Quartz is not always the enemy of the serious watch fan. Here, it affords you all of the cachet one might wish to strap on for an after-dinner mingle without losing any of the watch’s charm. It’s the perfect example of less being more and, if I had occasion to wear tuxedos more often, I’d be snapping one of these up in a heartbeat.
Talking of heartbeats…
Jaeger-LeCoultre: dull as dishwater on paper; bright as billy-o on the wrist. There has never been a watch series that impressed me more with its catalog to reality transformation as the JLC Master line. I never, ever would have considered seeking out these watches to try based on their pack shots alone. I had one forced into my hands and strapped to my wrist under sufferance. Within a week, I was converted. If you like things simple but sublime, don’t sleep on JLC.
If you like tool watches, you should consider…
Did you really think Omega wasn’t going to feature on this list? For me, the runaway leaders in this category are Omega and Tudor, but you can’t overlook a few noisy micros that have a die-hard following for good reason. But to the big boys first…
The Omega Seamster 300M is a stone-cold bargain. There are no two ways about it. The comparison between this model and the Rolex Submariner when you pit specs and price against one another is an absolute joke. You can almost buy two of these beauties for the price of one unattainable Sub.
You all probably know my advocacy for the Tudor Pelagos by now. I stand by it. The Black Bay wears like a slab of somehow desirable concrete, sure, but it’s a great-looking watch head-on. Just don’t move three degrees to either side if you value your eyeballs.
The little guys talking big
There have been some pretty interesting and rather heavy-duty tool watches come out of brands like Zelos, Helson, Lüm-Tec, and Helm that deserve a mention. I’m not hugely enamored of the first two brands on that little run-down, but respect where respect is due. My colleague and buddy Dave Sergeant is mad about his new Zelos Swordfish 40 Crystallised Titanium (which he paid real money for before anyone calls foul), and I have to pay attention to that kind of praise even if it doesn’t tickle my fancy.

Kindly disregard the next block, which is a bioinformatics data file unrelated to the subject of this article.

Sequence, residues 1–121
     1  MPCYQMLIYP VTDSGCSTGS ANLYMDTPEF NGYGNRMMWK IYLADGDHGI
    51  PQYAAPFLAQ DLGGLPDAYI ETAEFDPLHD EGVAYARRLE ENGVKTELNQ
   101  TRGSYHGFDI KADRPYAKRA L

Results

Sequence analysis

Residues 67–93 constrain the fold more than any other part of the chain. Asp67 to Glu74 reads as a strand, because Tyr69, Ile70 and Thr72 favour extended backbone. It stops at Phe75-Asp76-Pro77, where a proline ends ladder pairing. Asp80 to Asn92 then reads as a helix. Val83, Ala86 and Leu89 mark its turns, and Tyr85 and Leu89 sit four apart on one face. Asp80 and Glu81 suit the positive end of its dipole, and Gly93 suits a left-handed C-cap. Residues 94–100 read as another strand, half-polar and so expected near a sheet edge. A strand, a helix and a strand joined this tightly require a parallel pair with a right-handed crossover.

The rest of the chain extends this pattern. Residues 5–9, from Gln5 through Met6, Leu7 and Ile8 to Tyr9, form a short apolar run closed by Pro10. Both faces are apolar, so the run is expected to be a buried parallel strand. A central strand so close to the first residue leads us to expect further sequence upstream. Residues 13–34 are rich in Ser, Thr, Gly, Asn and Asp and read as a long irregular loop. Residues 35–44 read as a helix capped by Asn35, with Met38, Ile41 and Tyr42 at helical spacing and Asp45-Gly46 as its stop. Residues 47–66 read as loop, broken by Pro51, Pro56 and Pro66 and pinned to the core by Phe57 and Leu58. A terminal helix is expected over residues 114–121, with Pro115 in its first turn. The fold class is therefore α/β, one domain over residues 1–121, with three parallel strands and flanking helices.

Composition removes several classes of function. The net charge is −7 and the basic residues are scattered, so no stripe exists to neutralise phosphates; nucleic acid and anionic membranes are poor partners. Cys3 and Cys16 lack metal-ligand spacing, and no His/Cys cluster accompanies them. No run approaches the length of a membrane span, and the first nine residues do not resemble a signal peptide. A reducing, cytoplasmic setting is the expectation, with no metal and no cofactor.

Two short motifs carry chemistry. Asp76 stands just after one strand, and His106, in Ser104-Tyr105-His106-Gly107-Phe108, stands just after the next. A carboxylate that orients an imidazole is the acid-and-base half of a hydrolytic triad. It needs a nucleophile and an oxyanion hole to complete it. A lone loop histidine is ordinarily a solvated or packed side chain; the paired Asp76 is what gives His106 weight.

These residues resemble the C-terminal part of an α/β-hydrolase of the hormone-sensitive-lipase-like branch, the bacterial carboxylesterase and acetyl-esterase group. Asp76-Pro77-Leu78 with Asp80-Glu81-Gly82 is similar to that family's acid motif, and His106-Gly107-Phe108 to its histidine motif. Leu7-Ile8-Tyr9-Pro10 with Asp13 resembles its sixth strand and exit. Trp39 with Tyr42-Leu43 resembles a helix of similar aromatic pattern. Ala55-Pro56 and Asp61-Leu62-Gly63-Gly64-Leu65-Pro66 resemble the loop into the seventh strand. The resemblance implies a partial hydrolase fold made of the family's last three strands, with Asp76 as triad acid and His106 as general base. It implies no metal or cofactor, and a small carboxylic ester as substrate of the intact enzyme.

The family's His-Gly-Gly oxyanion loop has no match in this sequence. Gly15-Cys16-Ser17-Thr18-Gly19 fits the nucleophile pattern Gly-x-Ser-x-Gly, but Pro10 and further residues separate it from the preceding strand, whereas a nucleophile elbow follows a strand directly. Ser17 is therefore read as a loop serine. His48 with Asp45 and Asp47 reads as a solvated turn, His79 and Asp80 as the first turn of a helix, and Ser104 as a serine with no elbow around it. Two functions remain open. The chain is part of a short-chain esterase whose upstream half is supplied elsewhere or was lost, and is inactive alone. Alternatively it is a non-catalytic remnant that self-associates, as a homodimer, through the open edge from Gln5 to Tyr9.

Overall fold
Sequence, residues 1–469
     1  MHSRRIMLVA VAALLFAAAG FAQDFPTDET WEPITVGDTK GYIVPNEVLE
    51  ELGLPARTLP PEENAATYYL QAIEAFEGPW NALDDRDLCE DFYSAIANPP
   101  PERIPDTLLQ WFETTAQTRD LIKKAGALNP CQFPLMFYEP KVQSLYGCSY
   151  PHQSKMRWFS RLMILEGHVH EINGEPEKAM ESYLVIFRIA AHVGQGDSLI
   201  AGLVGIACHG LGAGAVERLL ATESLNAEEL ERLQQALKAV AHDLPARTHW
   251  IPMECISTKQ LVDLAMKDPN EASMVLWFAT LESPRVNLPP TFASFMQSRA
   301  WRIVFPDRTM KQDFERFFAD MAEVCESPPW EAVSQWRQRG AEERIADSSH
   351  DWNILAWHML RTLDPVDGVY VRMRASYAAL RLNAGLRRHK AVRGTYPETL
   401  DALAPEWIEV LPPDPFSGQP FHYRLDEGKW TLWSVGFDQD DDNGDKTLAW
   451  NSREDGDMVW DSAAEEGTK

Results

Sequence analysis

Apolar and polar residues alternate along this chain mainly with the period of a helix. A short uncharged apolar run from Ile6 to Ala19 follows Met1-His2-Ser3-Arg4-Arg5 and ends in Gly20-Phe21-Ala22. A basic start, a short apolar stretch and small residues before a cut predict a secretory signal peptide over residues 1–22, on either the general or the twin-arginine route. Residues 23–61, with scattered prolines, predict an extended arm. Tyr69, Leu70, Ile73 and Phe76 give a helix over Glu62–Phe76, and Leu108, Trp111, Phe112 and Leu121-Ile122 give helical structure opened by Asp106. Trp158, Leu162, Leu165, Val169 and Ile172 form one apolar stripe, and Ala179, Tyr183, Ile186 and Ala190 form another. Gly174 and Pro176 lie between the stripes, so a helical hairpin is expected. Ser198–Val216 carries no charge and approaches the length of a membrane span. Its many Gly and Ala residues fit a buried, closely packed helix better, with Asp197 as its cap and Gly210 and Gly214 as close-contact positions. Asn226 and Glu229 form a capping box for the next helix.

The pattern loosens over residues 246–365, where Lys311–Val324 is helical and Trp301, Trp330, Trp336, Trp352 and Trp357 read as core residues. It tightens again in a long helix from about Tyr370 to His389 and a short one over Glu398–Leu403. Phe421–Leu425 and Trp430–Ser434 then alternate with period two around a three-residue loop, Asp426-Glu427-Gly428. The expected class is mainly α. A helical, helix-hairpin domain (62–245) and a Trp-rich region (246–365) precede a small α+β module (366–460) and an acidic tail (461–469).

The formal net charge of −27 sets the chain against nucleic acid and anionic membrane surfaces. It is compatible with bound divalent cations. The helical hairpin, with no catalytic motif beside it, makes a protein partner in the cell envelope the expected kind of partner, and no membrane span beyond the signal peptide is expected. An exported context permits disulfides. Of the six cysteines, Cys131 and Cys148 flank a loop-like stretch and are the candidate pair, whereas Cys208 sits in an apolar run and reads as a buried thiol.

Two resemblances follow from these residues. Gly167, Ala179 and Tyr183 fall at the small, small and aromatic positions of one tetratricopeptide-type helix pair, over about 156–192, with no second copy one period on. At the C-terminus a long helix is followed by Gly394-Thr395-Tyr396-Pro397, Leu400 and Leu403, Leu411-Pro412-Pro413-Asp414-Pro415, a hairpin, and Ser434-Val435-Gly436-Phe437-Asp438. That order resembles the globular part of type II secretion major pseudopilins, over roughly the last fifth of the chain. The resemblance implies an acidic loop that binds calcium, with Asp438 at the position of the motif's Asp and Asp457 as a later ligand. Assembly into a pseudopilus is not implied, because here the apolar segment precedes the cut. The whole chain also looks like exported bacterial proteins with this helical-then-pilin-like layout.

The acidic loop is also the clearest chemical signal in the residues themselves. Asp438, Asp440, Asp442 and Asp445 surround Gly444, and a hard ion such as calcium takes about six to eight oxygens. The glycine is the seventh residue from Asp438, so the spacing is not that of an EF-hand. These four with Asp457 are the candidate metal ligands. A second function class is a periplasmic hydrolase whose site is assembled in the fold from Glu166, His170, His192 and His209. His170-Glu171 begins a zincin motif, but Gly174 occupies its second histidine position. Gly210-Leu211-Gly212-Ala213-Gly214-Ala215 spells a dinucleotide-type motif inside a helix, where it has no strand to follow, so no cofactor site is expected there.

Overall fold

Helm and Lüm-Tec, however, make watches I would definitely wear in their intended environment. They are big, brutal, incredibly functional, and cost a fraction of their luxury counterparts. I put them both in the conversation for the best tool-oriented micros out there, but please jump into the comments and share some of the other smaller heroes that deserve the spotlight.
If you prioritize artisanal excellence, you should consider…
Would this be a list on Fratello if it didn’t feature anOrdain? Only if it were a list of brands you should completely ignore. So, if you have been ignoring anOrdain, stop right now (please). The small, truly charming Scottish outfit is doing admirable things with enamel (by hand) all the way up in a sleepy corner of Glasgow. It is great to see work like this delivered by an open and affable brand being priced so accessibly.
If you’re new to the watch game and you think that any watch over a thousand euros is expensive, bank this brand in your mind and have a look around at what else is on offer in this price bracket. I wouldn’t be surprised to see you back here soon enough…
The price is right
Value doesn’t mean cheap. Some people are hard-wired to reject that notion, so forgive me while I firmly disagree with anyone that does. It would be theoretically possible, for a watch retailing for 100K to represent “good value” if it employed the right kind of materials/production process/limitation and so on. As such, the next entry on this list might seem like an odd one, but one I’d happily stand behind.
Jaquet Droz does some remarkably interesting things with automatons on its dials. While brands like Vacheron Constantin and Cartier are absolute masters of Haute Joallerie and miniature painting, the pricing makes the choice models from those brands feel a little airy. I wouldn’t turn my nose up at either, however, but it has to be said that the price you pay is directly linked to the brands’ cachet in both cases.